It’s no secret that I’ve loved fanvids, both watching and making them, for a long time, so it’s inevitable that when a film or TV show catches my eye, I end up googling fanvids for it. In the case of TTSS, I’m so glad I did, as the sheer beauty and quality of what I found has inspired this post. I wanted to share a few really good examples of fanvids, and take them apart a little, with my media eye, to think about what makes them so good. I’m also really rusty in terms of my own vidding, so I wanted to take a look at some gorgeous vids for inspiration!
#1 Don’t Cry Mercy by Nadiia Naru
Why I love it:
This is beautiful editing, for a start. The vidder uses several different sources (TTSS, Kingsman, The Railway Man, and many more) and fits them together seamlessly. It’s a vidlet (part of a song as opposed to the whole thing) but she makes every frame inside every second count. She cuts to lyrics, but emphasises the repeated heartbeat drum by giving the viewer a visual cue – in this case, a brief colour wash and close up on the frame, to make the viewer feel that heartbeat. The song is a great choice, and she overlays a couple of dialogue lines to ramp up the drama, which works beautifully. My impression of the vidder is that she has a real eye for detail – there are no dropped frames, no wasted shots; every moment is clean, well chosen and well matched.
In terms of characterisation, this one really pushes my buttons. The vidder focusses in on facial expressions, and her fast cutting between scenes ensures that this is an emotional bombardment. Both characters in the vid are given equal screen time and there are a few occasions where shots are mirrored – one character does something, and then the other does it; notably the pistol shots/possible suicide moments. Narratively, this works to show both their synchronicity and their tragedy. Tears, anger, frustration; all the hallmarks of the Haydeaux pairing are here.
So what of the narrative? This is written up as a Bill Haydon/Jim Prideaux vid, but what the vidder has actually done is presented them through both the original pairing in TTSS, and, seemingly, across time and continents as reincarnated lovers. One leap a lot of vidders seem to make in the Haydeaux pairing is to link Jim and Bob with Harry and Merlin from Kingsman, which works really well. This vidder also goes back in time as well as forward so we get some of Mark Strong’s performance in Black Gold juxtaposed with Firth’s post WW2 The Railway Man. I think we also go back a bit further for some medieval time period pairing, too, but, I confess, I’m not yet familiar with the films the vidder used. Personally, I think the medieval shots, fleeting as they are, are the only slightly jarring moments in the vid – the rest of the sources work brilliantly together as a back and forth, lovers reincarnated premise. That’s probably just me, though!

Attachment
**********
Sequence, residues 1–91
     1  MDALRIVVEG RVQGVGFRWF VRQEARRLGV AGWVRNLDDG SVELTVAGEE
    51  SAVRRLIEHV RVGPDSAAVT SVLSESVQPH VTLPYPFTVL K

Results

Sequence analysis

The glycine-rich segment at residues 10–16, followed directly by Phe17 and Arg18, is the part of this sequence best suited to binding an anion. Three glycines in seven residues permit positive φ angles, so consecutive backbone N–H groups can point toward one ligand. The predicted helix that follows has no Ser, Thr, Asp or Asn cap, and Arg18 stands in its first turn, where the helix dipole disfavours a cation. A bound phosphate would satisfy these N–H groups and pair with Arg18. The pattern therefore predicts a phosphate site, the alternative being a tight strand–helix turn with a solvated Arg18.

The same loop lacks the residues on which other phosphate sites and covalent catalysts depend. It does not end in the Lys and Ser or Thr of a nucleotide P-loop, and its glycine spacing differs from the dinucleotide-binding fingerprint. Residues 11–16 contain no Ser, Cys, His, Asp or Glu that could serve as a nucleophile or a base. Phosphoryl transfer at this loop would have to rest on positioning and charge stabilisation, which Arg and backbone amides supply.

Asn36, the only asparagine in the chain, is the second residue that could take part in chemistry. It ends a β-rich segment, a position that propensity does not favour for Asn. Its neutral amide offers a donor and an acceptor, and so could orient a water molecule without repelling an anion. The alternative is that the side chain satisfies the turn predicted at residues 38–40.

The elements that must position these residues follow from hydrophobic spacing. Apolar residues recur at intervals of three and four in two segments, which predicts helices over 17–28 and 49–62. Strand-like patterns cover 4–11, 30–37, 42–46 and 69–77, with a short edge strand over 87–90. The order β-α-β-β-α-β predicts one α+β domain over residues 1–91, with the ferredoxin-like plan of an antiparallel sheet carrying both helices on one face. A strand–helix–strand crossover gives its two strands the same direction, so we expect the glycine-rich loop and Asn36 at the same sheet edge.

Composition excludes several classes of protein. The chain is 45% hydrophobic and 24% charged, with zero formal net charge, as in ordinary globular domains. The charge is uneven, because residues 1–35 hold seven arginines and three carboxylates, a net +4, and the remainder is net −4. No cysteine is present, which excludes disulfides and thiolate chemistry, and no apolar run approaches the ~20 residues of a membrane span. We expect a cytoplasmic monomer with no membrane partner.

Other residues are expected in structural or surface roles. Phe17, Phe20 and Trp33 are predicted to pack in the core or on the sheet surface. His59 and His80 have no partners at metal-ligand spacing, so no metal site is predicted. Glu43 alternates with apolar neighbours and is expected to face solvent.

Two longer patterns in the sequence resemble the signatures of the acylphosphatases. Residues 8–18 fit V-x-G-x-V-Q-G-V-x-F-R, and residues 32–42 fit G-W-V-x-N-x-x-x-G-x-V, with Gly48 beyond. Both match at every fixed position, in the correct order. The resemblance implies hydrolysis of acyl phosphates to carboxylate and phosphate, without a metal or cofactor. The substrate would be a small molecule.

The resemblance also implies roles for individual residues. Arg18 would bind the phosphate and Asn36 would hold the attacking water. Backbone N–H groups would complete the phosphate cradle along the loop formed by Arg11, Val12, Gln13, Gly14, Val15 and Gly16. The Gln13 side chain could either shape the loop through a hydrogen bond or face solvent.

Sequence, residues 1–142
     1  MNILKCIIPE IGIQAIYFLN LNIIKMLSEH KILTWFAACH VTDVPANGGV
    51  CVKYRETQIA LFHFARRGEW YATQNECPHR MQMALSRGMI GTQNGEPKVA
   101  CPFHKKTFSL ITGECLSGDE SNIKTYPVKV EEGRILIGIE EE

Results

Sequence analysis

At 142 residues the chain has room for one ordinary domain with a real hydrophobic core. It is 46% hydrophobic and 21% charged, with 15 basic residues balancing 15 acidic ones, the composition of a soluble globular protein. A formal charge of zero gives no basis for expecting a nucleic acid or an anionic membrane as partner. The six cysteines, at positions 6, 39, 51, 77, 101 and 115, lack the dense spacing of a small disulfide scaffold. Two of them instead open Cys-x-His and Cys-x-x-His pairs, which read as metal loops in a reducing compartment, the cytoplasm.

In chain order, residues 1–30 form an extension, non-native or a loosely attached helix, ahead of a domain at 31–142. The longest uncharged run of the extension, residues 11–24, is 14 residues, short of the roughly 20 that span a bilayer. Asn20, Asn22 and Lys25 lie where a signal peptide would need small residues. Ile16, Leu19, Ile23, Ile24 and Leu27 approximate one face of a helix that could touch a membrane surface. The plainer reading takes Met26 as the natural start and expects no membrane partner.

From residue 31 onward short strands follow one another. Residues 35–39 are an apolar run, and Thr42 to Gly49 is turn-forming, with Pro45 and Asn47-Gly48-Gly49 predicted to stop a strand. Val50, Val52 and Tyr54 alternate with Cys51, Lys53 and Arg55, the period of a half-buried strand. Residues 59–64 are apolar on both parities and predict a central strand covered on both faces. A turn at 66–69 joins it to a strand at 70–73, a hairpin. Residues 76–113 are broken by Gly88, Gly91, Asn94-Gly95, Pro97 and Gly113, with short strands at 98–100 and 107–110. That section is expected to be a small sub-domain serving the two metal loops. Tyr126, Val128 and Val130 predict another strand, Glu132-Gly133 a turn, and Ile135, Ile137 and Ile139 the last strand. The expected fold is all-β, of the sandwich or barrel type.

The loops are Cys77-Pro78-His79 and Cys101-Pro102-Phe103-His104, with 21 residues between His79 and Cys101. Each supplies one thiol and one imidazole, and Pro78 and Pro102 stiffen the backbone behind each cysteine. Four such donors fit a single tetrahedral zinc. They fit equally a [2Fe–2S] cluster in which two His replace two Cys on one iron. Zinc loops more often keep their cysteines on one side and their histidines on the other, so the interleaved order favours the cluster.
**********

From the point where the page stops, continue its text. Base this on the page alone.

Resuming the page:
This is such a gorgeous piece of work – as a vidder myself I can imagine the hours that went into cutting it properly, and the time it took to find exactly the right frames for the music. I’ll be watching this one again and again, and it’s already made me want to seek out the other sources that were used, and watch them! Lovely, gorgeous, emotional vidding at its best. Five stars from me!
Nadiia Naru has a great channel on Youtube, and one of her other TTSS vids is this one:
She uses many of the same techniques as in ‘Don’t Cry Mercy’, but the narrative is a little different; this vidlet has a definite revenge vibe! There’s plenty of angst, and the idea that Haydon is seeing fleeting glimpses of Prideaux everywhere he goes is an intoxicating one, until the inevitable act of revenge at the end of the vid. Great storytelling!
#2 Inseparables by Shikiwing
Why I love it:
This is another gorgeously edited vid. The vidder really has an eye for internal movement in the clips she’s chosen – there are some great moments in this where characters are moving to the flow of the music, and that just gives it an added frisson. There are lovely points where she cuts to the beat, including some really fast, choppy cuts that work well with the chosen track. There’s also good use of black and white at key moments throughout. Most notably, the vidder mixes diegetic sound (in this case, dialogue) with the overlaid music track, and it’s levelled perfectly so it sounds really natural and doesn’t make the viewer jump out of the vid. The gun shot at the end is particularly well timed. Her use of captions is great, too, and adds to the taut atmosphere of the vid.
This is a vid that explores Haydeaux, but is also a character study of Jim Prideaux and his journey through the film. The temptation, when vidding, is to cram as many reaction shots and shots of people into the vid as you can, but this vidder doesn’t do that; she uses establishing shots of buildings, settings and other imagery such as the flapping birds and the chess pieces to create a sense of the whole film, not just the Haydon/Prideaux dynamic. It works brilliantly in terms of giving it real depth, and takes the viewer through the whole film in more or less chronological order. Another gorgeous piece of work and one I’ve watched quite a few times since I found it!
I’m sure there’ll be another vid rec post from me at some point, but hopefully the ones I’ve referred to here give a good indication of just how creative vidders can be. It really is an art form in the right hands!